Mugabe says to chair party congress in December despite being removed from party leadership

Source: Xinhua| 2017-11-20 13:22:54|Editor: Yamei
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Zimbabwean President Robert Mugabe (2nd R) and Zimbabwe Defense Forces Chief Constantino Chiwenga (1st R) pose for photos at State House in Harare, Zimbabwe, on Nov. 16, 2017. Zimbabwean President Robert Mugabe met Zimbabwe Defense Forces Chief Constantino Chiwenga and South African envoys here on Thursday. (Xinhua/Joseph Nyadzayo)

HARARE, Nov. 19 (Xinhua) -- Zimbabwean President Robert Mugabe told his countrymen on live television on Sunday evening that he will chair the ruling party's congress in December, hours after the ZANU-PF sacked him as party chief.

In his address from the State House, Mugabe, flanked by army generals, acknowledged the presence of ills afflicting his party and said he would chair the ZANU-PF's congress next month to resolve the problems once and for all.

"The congress is due in a few weeks from now and I will preside over its processes, which must not be prepossessed by any acts calculated to undermine or to compromise the outcomes in the eyes of the public," he said.

He said he agreed with the army generals that the infighting in the party was hurting the national economy.

"Among the issues discussed (with the army generals) is that relating to our economy, which as we all know is going through a difficult patch. Of greater concern to our commanders are the well-founded fears that the lack of unity and commonness of purpose in both party and government was translating into perceptions of inattentiveness to the economy," he said.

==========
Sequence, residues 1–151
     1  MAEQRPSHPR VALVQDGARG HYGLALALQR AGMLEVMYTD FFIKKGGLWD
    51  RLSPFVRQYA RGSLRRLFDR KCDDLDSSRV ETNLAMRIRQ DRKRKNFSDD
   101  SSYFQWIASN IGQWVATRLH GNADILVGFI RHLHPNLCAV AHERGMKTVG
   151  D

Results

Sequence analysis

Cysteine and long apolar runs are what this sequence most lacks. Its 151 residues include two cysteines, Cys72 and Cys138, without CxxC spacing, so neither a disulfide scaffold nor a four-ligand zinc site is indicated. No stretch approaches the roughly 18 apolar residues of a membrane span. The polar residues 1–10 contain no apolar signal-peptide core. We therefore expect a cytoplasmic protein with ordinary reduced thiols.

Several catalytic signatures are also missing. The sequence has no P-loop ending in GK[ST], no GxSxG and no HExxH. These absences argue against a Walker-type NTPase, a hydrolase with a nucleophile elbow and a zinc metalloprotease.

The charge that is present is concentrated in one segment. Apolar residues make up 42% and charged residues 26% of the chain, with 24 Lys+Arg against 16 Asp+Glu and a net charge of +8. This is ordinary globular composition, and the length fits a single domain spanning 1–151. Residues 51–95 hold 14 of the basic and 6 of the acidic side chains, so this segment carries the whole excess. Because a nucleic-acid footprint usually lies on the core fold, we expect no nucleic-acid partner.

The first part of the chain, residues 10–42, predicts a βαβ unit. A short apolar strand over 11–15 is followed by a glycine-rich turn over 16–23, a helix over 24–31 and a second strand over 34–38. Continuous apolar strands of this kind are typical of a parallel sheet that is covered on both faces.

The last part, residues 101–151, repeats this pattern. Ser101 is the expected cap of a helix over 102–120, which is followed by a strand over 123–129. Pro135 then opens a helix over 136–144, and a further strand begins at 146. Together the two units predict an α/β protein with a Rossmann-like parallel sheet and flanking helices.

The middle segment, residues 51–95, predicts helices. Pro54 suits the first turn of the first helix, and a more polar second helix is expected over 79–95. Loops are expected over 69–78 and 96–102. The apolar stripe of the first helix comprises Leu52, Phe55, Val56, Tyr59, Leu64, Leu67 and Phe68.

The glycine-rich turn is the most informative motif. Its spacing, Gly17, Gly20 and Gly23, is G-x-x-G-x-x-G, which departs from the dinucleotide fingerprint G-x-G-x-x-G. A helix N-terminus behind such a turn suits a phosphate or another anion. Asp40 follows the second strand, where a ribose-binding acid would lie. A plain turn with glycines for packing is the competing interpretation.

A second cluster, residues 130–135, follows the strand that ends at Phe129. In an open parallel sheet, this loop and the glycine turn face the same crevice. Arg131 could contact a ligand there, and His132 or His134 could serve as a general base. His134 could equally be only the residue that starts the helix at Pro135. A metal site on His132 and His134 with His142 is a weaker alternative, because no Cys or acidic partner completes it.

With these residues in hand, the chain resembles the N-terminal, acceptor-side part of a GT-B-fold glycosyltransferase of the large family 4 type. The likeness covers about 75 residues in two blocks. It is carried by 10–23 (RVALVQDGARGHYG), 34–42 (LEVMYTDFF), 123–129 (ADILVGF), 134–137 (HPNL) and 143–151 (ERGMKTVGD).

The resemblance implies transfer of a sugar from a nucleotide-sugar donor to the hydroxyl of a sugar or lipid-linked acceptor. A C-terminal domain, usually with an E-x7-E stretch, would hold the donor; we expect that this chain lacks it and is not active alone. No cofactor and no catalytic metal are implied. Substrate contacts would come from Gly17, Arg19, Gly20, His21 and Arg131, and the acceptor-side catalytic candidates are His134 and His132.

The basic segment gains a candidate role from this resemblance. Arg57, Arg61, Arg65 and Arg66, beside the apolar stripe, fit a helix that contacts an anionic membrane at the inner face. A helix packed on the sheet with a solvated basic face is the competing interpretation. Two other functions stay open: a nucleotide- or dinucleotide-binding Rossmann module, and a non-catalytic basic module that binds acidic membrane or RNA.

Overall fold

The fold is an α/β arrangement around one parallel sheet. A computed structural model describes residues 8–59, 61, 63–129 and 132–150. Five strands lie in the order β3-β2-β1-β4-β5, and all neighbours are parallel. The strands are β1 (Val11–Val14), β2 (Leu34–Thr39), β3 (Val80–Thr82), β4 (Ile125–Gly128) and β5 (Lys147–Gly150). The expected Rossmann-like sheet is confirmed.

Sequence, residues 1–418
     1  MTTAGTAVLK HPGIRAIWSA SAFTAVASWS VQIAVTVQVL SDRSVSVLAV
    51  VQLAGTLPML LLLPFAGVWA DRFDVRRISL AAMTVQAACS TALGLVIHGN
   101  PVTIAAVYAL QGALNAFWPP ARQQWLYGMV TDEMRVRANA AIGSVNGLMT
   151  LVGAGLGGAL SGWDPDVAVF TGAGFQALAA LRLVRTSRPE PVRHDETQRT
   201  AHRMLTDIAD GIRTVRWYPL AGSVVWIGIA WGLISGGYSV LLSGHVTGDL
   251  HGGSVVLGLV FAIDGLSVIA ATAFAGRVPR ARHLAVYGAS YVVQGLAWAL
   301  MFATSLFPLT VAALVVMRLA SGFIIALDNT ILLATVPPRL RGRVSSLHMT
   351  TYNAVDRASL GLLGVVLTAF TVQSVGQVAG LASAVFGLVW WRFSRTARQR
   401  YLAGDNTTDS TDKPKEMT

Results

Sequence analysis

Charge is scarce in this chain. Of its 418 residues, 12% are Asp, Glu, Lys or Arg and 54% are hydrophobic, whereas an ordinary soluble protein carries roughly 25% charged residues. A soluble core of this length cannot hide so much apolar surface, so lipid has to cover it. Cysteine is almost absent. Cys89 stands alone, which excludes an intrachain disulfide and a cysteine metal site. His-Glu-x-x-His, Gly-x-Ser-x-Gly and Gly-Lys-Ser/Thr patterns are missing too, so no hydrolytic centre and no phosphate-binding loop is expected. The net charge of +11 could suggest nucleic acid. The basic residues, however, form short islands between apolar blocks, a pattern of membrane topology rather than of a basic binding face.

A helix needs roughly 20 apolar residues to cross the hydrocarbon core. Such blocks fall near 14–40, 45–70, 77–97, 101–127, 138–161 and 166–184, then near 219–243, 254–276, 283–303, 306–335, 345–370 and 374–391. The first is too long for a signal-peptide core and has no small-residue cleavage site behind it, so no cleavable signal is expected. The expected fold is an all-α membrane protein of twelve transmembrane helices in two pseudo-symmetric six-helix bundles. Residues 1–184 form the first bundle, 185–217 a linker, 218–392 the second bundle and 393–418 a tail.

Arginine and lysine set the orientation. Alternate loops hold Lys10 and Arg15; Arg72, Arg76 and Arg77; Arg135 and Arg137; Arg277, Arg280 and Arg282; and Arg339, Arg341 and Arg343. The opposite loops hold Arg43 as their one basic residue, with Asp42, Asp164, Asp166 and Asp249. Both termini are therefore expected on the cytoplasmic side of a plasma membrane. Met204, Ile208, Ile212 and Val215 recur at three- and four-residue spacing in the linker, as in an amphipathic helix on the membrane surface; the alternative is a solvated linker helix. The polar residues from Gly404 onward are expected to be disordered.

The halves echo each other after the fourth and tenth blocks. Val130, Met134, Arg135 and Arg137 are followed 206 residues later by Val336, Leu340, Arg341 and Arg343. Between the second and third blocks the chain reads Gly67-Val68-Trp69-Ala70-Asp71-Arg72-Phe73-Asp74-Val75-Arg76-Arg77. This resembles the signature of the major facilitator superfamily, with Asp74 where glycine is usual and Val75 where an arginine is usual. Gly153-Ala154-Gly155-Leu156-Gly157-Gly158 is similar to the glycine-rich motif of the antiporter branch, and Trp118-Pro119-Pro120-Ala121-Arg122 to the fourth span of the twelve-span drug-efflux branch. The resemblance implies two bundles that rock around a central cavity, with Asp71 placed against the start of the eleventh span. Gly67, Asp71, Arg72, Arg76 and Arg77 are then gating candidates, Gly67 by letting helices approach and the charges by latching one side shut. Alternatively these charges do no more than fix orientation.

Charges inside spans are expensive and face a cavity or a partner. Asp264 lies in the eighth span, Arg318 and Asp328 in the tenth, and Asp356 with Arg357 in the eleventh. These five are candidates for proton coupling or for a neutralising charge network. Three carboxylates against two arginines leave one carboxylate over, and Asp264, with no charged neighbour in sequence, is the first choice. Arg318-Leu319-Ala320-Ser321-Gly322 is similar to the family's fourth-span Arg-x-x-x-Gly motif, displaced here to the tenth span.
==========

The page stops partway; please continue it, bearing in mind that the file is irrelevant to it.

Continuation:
The internal conflicts in the ruling party were being caused by inter-generational disagreements that must be resolved through merging of old established players as they embrace new rules, he said.

The televised address came not long after the ZANU-PF central committee decided at a special meeting earlier Sunday to remove Mugabe from the position of party leader and give him until noon Monday to resign as president or face impeachment proceedings.

At the same meeting, the ruling party also nullified expulsion of former vice president Emmerson Mnangagwa and restored him as member of the central committee.

Mnangagwa and First Lady Grace Mugabe have been contending to succeed Mugabe, one of the longest serving leaders in Africa.

The military intervened and took over control of the country after Mugabe sacked Mnangagwa as his deputy for alleged disloyalty and deceit. Mnangagwa had been Mugabe's political ally for more than 40 years.

Reports said Mugabe and his wife were under house arrest since the military operation on Wednesday.

Mugabe made his first public appearance on Friday since the military takeover, attending a graduation ceremony at the Zimbabwe Open University.

Speaking Sunday on television, Mugabe said the military operation on Wednesday was triggered by concerns arising from their reading of the state of affairs in the country and the party.

"Whatever the pros and cons of the way they went about registering those concerns, I as the president of Zimbabwe and their commander -in-chief do acknowledge the issues they have drawn my attention to and I do believe that these were raised in the spirit of honesty and out of deep and patriotic concern of the stability of our nation and for the welfare of our people."

Mugabe said in his meeting with the military commanders that they underscored the need for the party to collectively start the process to return the nation to normalcy.

Mugabe said the military operation did not amount to a threat to the country's constitutional order nor was it a challenge to his authority as the head of state and government and commander-in-chief of the Zimbabwe Defense Forces.

He said he was happy that throughout the short period of the military intervention the pillars of state remained functioning.

Mugabe said the infighting in his party was affecting government projects and should now stop as the party inaugurates a new work culture which shows a strong sense of purpose and commitment to improving the economy.

Mugabe also acknowledged the role played by liberation war fighters, saying the party will strive to care for their welfare and ensure their participation in strategic party and government positions.

He said the party has to return to its guiding principles as enshrined in the constitution, which must be applied fairly and equitably in all situations.

KEY WORDS: Zimbabwean